Exposure Assessment Studies and Methods
DCEG investigators devote considerable effort to improving exposure assessment techniques and evaluating the reliability and validity of procedures used in cohort and case-control studies of lifestyle, occupational, and environmental exposures.
Lifestyle Exposure Assessment Tools
Activities Completed over Time in 24-hours (ACT24) is a web-based previous-day recall instrument that was designed to estimate daily summary values for physical activity and sedentary behavior, including energy expenditure, time spent sitting and in different types and intensities of physical activity.
Automated Self-Administered 24-hour Dietary Assessment Tool (ASA24) is a freely available web-based tool for epidemiologic, interventional, behavioral, or clinical research from NCI that enables multiple automatically coded self-administered 24-hour recalls and food records.
Radiation-related Exposure Assessment Studies
Investigators work to identify, understand, and quantify the risk of cancer in populations exposed to medical, occupational, or environmental radiation, and to advance understanding of radiation carcinogenesis. To support these epidemiological studies, DCEG radiation dosimetrists focus on developing new dosimetry methods and refining existing methods to achieve more accurate dose estimates, as well as quantifying and incorporating related uncertainties.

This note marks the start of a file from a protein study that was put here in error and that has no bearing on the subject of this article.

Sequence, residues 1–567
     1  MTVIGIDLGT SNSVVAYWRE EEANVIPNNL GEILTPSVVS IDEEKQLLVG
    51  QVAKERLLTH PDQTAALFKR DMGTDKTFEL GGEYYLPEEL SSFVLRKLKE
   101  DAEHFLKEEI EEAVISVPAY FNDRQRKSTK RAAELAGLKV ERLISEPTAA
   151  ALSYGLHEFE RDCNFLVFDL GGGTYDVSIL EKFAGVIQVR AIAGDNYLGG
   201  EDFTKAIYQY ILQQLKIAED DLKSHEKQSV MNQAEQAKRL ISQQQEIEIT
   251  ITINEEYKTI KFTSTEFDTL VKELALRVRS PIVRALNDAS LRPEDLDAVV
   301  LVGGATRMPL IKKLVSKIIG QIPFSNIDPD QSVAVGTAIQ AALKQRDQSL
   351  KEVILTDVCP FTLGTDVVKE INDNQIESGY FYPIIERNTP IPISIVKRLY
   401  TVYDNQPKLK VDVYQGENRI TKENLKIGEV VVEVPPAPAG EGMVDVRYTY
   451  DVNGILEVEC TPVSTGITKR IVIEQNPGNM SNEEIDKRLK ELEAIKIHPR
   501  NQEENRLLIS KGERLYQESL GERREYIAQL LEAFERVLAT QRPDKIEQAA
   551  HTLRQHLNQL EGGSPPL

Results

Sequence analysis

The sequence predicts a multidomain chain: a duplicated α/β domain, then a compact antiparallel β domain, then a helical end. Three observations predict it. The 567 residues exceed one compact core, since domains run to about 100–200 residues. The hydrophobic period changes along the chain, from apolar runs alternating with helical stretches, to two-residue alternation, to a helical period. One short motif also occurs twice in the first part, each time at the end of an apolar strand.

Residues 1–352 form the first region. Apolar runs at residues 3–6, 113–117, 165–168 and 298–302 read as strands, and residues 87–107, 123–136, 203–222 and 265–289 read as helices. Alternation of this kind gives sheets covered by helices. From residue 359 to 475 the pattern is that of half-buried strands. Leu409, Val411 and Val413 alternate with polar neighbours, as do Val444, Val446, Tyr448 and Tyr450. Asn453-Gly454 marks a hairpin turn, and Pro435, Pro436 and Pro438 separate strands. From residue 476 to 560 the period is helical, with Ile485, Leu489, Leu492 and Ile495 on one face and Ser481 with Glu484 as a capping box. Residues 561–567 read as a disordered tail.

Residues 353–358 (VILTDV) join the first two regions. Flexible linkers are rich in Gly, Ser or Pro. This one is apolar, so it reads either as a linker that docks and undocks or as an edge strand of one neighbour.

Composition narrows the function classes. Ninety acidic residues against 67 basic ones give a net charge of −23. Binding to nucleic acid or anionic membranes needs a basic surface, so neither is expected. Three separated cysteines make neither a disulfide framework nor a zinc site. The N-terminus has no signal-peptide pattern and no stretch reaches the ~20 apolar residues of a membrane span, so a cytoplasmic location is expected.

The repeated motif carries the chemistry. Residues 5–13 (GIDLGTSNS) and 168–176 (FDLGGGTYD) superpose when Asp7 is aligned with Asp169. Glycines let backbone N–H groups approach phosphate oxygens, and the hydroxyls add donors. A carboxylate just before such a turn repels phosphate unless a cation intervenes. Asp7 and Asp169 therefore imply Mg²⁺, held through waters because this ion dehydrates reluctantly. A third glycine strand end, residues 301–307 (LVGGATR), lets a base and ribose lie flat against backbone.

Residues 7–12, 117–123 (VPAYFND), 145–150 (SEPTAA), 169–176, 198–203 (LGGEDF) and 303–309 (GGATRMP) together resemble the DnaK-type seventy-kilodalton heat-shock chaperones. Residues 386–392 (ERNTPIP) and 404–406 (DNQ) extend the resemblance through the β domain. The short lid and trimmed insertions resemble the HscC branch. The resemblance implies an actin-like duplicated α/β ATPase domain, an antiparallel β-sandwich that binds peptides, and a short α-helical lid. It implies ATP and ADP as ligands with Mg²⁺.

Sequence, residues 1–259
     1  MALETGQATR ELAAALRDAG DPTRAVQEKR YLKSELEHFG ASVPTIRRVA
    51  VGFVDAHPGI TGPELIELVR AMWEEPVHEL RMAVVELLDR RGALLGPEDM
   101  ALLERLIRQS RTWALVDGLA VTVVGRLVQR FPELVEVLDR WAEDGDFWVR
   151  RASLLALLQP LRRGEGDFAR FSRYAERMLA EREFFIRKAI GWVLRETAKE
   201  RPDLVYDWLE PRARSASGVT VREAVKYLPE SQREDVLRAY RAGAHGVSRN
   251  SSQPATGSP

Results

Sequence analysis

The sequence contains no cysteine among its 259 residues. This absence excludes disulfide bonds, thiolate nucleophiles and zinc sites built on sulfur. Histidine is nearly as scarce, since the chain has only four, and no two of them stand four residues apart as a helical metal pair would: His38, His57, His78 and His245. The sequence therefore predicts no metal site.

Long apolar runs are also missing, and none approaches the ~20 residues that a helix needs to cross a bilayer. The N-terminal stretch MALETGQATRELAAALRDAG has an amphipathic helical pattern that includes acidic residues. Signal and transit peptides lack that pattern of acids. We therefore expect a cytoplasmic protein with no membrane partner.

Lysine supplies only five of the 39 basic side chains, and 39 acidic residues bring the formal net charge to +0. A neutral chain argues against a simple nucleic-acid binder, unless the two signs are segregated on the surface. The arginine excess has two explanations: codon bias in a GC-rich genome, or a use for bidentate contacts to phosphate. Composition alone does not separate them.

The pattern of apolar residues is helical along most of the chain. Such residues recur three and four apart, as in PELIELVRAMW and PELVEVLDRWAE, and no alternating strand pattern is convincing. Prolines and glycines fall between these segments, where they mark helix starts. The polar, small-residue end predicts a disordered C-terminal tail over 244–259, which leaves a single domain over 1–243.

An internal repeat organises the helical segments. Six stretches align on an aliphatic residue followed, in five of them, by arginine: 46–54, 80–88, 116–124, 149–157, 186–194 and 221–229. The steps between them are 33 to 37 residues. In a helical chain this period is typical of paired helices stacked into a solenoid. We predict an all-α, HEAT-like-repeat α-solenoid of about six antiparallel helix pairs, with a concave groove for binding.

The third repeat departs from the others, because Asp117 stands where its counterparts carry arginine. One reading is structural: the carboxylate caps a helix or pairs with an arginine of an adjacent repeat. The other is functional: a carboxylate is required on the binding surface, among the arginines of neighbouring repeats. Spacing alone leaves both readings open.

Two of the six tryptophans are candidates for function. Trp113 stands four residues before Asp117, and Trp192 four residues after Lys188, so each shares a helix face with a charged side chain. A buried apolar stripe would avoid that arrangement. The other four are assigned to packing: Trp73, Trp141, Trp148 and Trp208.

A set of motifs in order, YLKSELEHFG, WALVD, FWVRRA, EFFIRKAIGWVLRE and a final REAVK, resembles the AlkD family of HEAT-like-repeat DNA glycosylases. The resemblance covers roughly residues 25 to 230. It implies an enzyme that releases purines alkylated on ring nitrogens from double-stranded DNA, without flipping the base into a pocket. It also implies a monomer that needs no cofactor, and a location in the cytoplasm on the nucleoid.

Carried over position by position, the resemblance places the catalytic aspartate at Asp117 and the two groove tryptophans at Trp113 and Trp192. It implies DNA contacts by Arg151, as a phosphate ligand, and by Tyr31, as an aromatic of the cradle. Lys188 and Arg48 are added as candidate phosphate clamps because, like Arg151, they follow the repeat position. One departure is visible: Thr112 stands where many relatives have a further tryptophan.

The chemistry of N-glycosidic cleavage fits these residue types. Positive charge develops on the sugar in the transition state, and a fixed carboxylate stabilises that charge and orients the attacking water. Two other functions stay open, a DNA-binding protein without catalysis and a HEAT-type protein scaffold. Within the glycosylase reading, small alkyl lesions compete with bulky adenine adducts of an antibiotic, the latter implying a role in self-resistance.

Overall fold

- Radiation Dosimetry Research to Support Epidemiologic Studies
- Ultraviolet Sunlight Exposure Assessment
- Occupational Radiation Exposure Studies
Occupational and Environmental Exposure Assessment Studies
DCEG investigators from the Occupational and Environmental Epidemiology Branch continually develop and refine quantitative exposure assessment methods that maximize the available measurements and exposure determinant information to predict historical exposure levels in industry-based studies such as diesel exhaust in the Diesel Exhaust in Miners study, benzene in the cohort study Benzene-Exposed Workers in China, and specific pesticides within the Agricultural Health Study.
In addition, investigators use a variety of tools and methods to perform exposure estimates in population-based studies. Examples include: